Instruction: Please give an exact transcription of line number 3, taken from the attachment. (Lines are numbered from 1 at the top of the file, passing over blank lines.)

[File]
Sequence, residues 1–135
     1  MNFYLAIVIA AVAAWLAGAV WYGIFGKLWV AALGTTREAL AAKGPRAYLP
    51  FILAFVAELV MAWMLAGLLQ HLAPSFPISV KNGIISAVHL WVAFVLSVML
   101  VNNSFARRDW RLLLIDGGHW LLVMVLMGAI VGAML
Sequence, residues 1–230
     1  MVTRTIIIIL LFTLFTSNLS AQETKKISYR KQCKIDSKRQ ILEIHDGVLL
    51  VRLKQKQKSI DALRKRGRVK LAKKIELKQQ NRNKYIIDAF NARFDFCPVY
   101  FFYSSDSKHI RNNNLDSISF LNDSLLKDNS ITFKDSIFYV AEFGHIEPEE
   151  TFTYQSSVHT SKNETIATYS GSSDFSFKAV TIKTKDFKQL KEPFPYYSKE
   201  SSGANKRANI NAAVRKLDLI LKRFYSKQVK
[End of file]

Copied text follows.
    51  FILAFVAELV MAWMLAGLLQ HLAPSFPISV KNGIISAVHL WVAFVLSVML